The first law of thermodynamics

I’ve used the word ‘energy’ a lot in recent posts (like yesterday’s), but haven’t really said what it is. We all have some idea of what energy means – it’s a resource you need to do something useful, such as propel a car, or play a video game, heat your house or power refigerator. (This last one is interesting – it can take energy cool something down as well as heat something up – but more on that at a later time). But pinning down what exactly it is is rather harder.

It was well into the 19th century before the concept of energy was properly formulated. Interestingly, this was not done by the ‘established’ scientific community, but rather by an English businessman more concerned with making money – James Joule. Joule owned a brewery – and what he wanted to know was whether the new-fangled electrical technology provided a cheaper form of energy that the established steam engines. That prompted his interest in what energy actually was, and he undertook a series of simple experiments on the heating of water that formed the basis for what is now known as the first law of thermodynamics, namely that ‘heat’ and ‘mechanical work’ are equivalent forms of energy. That is to say, mechanical work produces heat. Frustratingly for Joule, his brewing rather than pure science background rather predjudiced established scientific opinion against his ideas, and it took several years before Joule’s idea to become accepted. But his name rightly lives on as a unit of energy – the joule. (The ‘kJ’ on the back of your chocolate bar stands for ‘kilojoules’ – or a thousand joules.)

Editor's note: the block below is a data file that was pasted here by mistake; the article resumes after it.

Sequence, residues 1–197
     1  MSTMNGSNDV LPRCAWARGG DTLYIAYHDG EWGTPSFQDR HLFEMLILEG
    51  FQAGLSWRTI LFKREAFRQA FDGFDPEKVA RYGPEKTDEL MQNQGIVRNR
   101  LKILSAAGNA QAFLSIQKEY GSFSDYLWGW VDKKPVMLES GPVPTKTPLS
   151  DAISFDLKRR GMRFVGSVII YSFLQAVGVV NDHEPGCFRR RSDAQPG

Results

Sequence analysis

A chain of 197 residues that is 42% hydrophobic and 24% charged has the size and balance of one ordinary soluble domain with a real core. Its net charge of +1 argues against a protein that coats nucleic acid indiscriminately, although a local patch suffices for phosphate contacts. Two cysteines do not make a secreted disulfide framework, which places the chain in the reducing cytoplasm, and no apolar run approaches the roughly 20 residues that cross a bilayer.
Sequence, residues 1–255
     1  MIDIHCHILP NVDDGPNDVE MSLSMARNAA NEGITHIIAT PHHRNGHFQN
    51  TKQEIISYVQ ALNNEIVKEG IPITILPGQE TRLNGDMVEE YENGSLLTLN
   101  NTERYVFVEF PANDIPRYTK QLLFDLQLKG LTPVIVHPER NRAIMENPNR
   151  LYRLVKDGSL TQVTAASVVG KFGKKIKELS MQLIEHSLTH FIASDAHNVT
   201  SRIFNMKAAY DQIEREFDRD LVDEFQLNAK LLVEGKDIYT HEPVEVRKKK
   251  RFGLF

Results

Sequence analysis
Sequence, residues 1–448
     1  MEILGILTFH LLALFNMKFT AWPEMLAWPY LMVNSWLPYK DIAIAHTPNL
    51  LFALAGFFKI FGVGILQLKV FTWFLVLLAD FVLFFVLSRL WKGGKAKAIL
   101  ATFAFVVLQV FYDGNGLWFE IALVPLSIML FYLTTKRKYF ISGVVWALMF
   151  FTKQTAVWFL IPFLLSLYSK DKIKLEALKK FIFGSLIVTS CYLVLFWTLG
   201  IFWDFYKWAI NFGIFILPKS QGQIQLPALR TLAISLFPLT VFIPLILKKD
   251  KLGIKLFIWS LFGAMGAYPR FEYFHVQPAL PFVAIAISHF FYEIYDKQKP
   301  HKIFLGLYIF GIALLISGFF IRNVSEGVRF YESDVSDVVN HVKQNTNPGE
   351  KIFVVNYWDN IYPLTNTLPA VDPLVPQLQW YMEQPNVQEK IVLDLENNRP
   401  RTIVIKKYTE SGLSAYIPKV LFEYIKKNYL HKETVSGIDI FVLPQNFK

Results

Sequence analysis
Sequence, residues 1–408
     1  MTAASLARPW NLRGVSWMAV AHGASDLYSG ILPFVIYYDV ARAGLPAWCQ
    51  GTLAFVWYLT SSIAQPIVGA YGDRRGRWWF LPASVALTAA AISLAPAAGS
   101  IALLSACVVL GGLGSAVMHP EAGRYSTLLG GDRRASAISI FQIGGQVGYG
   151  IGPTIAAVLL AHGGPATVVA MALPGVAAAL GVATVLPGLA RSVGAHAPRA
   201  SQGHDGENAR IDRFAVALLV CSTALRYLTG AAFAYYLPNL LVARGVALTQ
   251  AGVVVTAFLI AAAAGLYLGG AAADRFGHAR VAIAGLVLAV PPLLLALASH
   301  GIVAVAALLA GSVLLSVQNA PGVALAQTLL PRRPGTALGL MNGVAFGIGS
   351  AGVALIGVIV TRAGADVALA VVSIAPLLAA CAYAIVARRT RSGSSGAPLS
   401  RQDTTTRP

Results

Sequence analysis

OK, so I still haven’t told you what energy actually is, and I’m not sure I can. My physics textbooks are a fat lot of use here. The best I can come up with it is an attribute that allows something useful to be done. Like making beer

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